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Like the BBB, the homeBBBrew board is not a club, just a place to talk about making beer. Is there a swap you would like to see happen? If we can find a few others who have something similar then lets do it!

I just really like the work levifunk is doing!

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03/13/10 07:31 PM  
How does this sound?
First time post here, loving all the info. I recently found this place via the mad fermentationist's blog. My first sour(brewed with a friend) is in secondary right now and is a JP Bam Biere clone with a culture from Bam Noire in secondary.

Next weekend i'm brewing my first solo attempt at a sour. I'm doing a Belgian Strong Golden with Brett B and some of Vinnie's oak chips. Here's what I plan on doing:

11lbs Pilsner malt

3lbs cane sugar

2.25oz Saaz @ 90

The recipe calls for mashing at 149F, but I was going to bump that up a few degrees and then a 90min boil.

I'll pitch WLP570 and BrettB in primary. Then I have a bag of Vinnie's RR chips along with .5oz of Hungarian oak cubes that have been soaking in Pinot Grigio for a while that will go into secondary for the long haul.

Any thoughts, recommendations?


03/14/10 04:07 PM  
Re: How does this sound?
I do understand the importance of pure cane sugar to increase wort fermentability for a Belgian Golden Strong. The only issue I see using that much along with no other specialty/crystal malts (also not typical for the style) is that the brett may not have much to work on after the primary is done. Even substituting a pound or two more instead of the cane sugar might leave something for the brett to work on.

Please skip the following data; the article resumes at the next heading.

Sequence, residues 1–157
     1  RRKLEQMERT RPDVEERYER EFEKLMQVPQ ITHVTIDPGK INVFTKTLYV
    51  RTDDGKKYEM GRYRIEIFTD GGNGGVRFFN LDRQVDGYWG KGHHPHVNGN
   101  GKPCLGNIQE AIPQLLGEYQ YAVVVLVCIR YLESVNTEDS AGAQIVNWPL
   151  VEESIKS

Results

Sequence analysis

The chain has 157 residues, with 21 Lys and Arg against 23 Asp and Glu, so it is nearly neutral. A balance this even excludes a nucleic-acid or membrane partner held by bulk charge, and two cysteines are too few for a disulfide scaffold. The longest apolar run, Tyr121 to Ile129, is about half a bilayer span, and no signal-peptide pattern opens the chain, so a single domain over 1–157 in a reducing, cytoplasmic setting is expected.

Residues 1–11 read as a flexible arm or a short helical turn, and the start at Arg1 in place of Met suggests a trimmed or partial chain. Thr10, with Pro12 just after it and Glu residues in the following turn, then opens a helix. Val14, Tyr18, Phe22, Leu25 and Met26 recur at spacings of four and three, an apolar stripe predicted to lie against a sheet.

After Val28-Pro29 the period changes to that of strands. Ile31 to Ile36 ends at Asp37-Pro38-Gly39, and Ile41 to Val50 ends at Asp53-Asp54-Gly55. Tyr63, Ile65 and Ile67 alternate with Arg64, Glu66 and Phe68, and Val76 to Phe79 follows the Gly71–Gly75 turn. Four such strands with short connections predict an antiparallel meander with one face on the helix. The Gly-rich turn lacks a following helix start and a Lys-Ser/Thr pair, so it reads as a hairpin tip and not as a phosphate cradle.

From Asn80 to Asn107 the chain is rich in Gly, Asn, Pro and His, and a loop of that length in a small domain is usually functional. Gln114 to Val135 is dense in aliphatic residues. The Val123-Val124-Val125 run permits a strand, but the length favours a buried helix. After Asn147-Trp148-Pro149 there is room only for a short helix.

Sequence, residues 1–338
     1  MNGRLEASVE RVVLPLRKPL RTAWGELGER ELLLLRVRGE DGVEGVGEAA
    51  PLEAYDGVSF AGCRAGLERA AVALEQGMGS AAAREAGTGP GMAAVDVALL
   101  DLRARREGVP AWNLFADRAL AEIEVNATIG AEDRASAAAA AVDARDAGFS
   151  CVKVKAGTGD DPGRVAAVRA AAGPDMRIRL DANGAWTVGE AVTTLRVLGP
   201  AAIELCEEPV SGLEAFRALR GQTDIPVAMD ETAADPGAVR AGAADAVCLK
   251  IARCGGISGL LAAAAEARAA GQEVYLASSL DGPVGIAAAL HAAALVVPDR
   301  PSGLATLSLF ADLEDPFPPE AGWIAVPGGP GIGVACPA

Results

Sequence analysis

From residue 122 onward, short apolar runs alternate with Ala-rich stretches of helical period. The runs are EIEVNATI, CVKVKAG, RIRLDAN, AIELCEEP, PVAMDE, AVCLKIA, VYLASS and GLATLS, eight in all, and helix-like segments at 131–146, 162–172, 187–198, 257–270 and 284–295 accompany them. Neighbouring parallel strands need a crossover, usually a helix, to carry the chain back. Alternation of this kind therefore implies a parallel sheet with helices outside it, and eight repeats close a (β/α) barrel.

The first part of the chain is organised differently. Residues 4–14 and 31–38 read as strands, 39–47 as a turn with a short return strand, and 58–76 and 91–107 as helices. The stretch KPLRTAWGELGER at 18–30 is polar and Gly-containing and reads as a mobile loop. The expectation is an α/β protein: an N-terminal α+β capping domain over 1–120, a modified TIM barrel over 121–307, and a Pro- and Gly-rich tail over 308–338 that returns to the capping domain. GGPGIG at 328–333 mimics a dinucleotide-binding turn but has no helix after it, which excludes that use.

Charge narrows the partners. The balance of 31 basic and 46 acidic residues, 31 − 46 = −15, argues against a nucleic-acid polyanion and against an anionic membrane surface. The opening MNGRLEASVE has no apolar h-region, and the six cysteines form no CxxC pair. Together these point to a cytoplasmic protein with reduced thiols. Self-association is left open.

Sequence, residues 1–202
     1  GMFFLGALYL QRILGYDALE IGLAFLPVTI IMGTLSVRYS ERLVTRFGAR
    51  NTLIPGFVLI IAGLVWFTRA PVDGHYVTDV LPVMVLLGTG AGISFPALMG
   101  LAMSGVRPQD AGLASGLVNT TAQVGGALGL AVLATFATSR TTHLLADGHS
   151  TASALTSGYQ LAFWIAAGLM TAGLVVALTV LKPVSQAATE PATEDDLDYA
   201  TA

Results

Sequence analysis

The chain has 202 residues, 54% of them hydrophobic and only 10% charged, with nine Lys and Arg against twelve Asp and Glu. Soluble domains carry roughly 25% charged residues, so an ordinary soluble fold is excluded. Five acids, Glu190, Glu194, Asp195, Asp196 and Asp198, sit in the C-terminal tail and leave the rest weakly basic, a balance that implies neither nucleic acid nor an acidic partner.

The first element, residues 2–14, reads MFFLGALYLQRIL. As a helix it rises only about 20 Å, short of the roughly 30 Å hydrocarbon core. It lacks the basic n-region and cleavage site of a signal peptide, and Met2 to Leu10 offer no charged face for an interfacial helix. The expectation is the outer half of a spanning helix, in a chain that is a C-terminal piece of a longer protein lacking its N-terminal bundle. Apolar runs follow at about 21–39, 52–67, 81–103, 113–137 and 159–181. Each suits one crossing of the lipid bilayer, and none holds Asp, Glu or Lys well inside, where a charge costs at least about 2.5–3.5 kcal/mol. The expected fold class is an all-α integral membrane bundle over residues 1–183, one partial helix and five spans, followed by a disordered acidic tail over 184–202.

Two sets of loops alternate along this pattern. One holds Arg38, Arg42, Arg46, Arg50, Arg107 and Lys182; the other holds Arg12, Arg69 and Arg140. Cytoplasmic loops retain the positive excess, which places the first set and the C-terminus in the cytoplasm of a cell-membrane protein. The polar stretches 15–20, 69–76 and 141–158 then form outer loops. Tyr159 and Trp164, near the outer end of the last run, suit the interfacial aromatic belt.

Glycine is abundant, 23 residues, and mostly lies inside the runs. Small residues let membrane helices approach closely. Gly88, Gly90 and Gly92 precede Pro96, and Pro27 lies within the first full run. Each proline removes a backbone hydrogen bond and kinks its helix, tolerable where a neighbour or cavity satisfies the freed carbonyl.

Or maybe adding 1# of cane sugar to the boil along with a bit higher mash temp (say 152-154), letting the 570 work for 5 or 6 days, then as primary starts to slow, rack to a carboy adding the remaining sugar (dissolved to sanitize) along with the brett and oak. This will help to wake up the brett and get it going as well. Just some thoughts.

Mike T
03/15/10 09:46 AM  
Re: How does this sound?
Agreed with Brewin', I would aim for a slightly sweeter finish since you've got the bugs(although i would add all the microbes in primary at the start). You are ~30% by extract at the moment (assuing low 70% eff), not over the top, but higher than I have done even in a clean beer (I stick around 20% for pale Belgian beers).

If you want sour you may need to add some other bugs as well, the two beers I used Vinnie's first round of chips on got funky, but they never got more than a faint tartness.

Good luck.

03/15/10 03:03 PM  
Re: How does this sound?
Cool thanks. I'm not married to the recipe itself just yet, but it's the Strong Golden out of Brewing Classic Styles. So far what I and my friends have brewed out of there have been really good beers.

I could easily bump the grain up a little. Would taking one of the #s of sugar out of the boil and adding it to secondary help the bugs?

I am planning to drink an Oerbier Special Reserva the day i'm brewing and plan to pitch those dregs. I also have a healthy slurry from a tasting a while back. I may add that as well. I was starting to worry that dumping too many different things in would just muddy things up, but maybe that's the way I should go.

If I add everything into primary, will the 570 characteristics come through? I really love that yeast.